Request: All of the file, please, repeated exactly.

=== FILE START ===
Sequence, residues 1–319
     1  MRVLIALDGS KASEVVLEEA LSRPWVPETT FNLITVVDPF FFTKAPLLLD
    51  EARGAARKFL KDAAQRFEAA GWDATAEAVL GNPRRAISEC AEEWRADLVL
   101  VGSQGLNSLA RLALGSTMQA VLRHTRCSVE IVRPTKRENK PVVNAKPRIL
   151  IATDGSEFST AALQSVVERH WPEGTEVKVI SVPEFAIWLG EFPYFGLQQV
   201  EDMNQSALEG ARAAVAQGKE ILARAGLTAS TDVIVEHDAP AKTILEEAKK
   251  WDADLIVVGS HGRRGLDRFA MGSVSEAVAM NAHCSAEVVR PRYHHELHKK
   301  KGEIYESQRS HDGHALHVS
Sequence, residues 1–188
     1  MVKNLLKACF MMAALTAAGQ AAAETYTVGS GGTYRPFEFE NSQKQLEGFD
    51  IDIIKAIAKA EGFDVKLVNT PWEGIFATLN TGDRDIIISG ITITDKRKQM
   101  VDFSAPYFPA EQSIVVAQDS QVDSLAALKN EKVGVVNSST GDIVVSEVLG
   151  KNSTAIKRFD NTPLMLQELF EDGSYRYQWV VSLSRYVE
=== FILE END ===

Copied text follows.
Sequence, residues 1–319
     1  MRVLIALDGS KASEVVLEEA LSRPWVPETT FNLITVVDPF FFTKAPLLLD
    51  EARGAARKFL KDAAQRFEAA GWDATAEAVL GNPRRAISEC AEEWRADLVL
   101  VGSQGLNSLA RLALGSTMQA VLRHTRCSVE IVRPTKRENK PVVNAKPRIL
   151  IATDGSEFST AALQSVVERH WPEGTEVKVI SVPEFAIWLG EFPYFGLQQV
   201  EDMNQSALEG ARAAVAQGKE ILARAGLTAS TDVIVEHDAP AKTILEEAKK
   251  WDADLIVVGS HGRRGLDRFA MGSVSEAVAM NAHCSAEVVR PRYHHELHKK
   301  KGEIYESQRS HDGHALHVS
Sequence, residues 1–188
     1  MVKNLLKACF MMAALTAAGQ AAAETYTVGS GGTYRPFEFE NSQKQLEGFD
    51  IDIIKAIAKA EGFDVKLVNT PWEGIFATLN TGDRDIIISG ITITDKRKQM
   101  VDFSAPYFPA EQSIVVAQDS QVDSLAALKN EKVGVVNSST GDIVVSEVLG
   151  KNSTAIKRFD NTPLMLQELF EDGSYRYQWV VSLSRYVE